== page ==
Are You Shy, or is it Something Else?
I hate to break it to you, but our society’s beliefs about shyness have been all wrong. Shyness is defined by the American Psychological Association as “the tendency to feel awkward, worried, or tense in social encounters.” The term “shy” gets used often. People use it to describe any person who is uncomfortable in social situations. How many times have you been in a group of peers, a family gathering, some social event, or overheard a parent talking about their child and heard someone use the phrase “Oh, she/he is just shy” to explain away some kind of lack of interaction or social awkwardness? It happens all the time. It is labeled “shy” and brushed aside.
This label causes all kinds of damage. We are all taught that it’s better to be outgoing than shy, and made to feel the lack in ourselves if we are not outgoing, but we don’t actually realize the damage this perspective has or address what’s going on underneath the label.
Before we start redefining labels, it’s important to understand the difference between introversion, and what our society calls shyness. All people process experiences differently. Those who are farther towards the introverted end of the spectrum need to process thoughts and experiences internally first before they discuss them. It’s just the way their brains work. People on the extroverted end of the spectrum process externally by talking, doing, interacting. There’s nothing wrong with either, one isn’t better in any way than the other, and most people will fall somewhere between the two or go back and forth depending on the situation. However, the introverts’ need for time to process internally often gets labeled as shyness. It’s not; remember the definition of shyness is all about discomfort in social situations. That can apply to both introverts and extroverts. Introversion is not something that needs to be fixed, explained away, or viewed as socially awkward.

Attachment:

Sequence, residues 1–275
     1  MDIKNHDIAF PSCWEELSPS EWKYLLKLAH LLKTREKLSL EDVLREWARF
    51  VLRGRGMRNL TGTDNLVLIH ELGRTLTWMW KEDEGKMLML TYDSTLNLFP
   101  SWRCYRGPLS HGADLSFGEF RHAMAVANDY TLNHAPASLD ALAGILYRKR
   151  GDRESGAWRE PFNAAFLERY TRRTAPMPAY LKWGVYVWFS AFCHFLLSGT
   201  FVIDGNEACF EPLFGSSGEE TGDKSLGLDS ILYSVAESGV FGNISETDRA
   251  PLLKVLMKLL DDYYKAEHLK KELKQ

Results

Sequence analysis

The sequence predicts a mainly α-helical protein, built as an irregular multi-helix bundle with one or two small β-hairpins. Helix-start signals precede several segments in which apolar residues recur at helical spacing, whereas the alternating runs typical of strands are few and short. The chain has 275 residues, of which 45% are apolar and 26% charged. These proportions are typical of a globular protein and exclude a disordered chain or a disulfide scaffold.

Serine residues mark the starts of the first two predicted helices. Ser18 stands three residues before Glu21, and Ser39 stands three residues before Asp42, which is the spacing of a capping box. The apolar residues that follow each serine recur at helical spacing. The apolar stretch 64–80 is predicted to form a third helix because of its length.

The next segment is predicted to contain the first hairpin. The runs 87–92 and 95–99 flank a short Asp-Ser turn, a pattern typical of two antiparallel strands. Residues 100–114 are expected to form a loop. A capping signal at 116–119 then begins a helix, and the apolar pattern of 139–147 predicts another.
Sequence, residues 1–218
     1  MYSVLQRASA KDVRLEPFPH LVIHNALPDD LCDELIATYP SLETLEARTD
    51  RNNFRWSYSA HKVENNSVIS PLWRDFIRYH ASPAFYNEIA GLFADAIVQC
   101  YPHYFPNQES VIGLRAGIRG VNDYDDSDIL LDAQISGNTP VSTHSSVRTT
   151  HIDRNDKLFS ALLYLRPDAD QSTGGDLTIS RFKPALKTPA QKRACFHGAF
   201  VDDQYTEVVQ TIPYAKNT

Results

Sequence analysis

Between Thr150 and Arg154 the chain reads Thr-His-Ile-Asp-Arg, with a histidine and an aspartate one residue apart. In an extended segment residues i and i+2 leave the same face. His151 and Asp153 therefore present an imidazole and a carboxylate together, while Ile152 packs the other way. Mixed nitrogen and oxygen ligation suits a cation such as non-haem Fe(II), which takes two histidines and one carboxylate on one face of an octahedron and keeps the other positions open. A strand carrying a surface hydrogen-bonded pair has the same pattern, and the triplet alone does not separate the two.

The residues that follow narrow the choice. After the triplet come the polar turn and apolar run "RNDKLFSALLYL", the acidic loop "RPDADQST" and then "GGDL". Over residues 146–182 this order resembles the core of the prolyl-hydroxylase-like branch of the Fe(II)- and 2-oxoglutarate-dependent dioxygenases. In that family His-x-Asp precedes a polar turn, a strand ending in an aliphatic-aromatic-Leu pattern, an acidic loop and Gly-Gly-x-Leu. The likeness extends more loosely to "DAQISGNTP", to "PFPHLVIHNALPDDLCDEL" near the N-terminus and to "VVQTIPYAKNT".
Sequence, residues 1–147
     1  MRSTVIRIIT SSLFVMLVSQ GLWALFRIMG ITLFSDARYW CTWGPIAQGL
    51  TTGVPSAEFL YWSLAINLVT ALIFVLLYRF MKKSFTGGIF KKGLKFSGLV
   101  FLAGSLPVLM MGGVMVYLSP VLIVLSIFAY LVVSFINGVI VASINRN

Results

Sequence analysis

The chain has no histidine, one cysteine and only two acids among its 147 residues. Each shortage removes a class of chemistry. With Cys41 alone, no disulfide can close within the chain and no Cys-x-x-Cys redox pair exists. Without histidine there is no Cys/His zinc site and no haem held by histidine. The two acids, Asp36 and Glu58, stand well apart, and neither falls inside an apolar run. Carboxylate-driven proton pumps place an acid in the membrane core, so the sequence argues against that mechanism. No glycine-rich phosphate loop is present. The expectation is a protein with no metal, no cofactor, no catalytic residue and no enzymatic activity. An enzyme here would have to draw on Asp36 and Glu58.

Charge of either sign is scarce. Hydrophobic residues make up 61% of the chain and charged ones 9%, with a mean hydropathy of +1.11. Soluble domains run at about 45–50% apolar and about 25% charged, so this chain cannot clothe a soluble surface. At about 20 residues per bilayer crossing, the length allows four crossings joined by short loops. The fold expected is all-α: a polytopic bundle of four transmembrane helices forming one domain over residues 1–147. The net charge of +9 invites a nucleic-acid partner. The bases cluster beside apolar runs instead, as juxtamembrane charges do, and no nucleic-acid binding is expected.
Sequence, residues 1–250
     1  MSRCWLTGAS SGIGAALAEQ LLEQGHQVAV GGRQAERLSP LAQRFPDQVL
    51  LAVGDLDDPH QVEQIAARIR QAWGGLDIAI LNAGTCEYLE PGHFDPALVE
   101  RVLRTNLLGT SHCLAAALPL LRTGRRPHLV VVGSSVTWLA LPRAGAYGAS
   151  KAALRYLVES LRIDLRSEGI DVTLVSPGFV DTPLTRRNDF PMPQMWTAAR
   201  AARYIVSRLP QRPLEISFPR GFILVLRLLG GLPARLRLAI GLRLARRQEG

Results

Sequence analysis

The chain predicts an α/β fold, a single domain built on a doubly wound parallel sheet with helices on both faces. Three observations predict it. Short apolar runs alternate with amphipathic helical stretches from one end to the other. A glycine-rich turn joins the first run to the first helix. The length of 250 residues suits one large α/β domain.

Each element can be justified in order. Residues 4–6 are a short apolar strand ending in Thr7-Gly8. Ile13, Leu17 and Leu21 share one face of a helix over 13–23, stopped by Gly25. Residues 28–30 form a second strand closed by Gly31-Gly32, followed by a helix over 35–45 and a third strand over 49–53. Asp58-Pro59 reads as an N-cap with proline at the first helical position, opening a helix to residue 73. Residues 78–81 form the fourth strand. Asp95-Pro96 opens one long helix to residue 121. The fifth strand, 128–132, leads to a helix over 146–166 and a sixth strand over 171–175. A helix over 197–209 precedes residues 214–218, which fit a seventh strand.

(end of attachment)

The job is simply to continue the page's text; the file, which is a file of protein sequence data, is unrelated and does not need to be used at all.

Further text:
Now let’s discuss and redefine shyness. Shyness is simply fear. It can be viewed on a spectrum ranging from mild discomfort to full blown panic attacks. It usually starts as discomfort, and can escalate. By taking away the misused and minimalizing term “shyness,” we can start to understand and help. There is always a root cause for the fear. It may be something as simple as a child never being taught the social skills they need to be comfortable interacting with others. It may have started after a negative experience which caused a child to be afraid. These things can be easily remedied if caught early. It’s just a matter of creating a safe environment for the child to learn and practice their social interactions until they develop a level of comfort. However, that’s not usually what happens. Most often a teacher, parent, coach, or peer will try to help them by forcing them into high pressure social situations that just compound the problem such as calling on the child to answer questions or read out loud in class, give a presentation, perform, compete in front of an audience, etc.
A child exhibiting social awkwardness or a level of fear can also be a sign of something much worse. The child may be a victim of abuse, (verbal, physical, or sexual) either past or present, experienced a trauma or loss that has not been dealt with properly, or is being bullied by a peer. There are too many possible scenarios to outline, but the point is that the social discomfort is a symptom, and the root cause needs to be addressed. Many times if the child is a good student or doesn’t get in trouble, the problem gets ignored all together, which can lead to the problem of social discomfort/anxiety continuing on into adulthood or escalating into something more serious like an anxiety disorder.
The good news is that all of these things are fixable. The first step is to stop labeling people as SHY!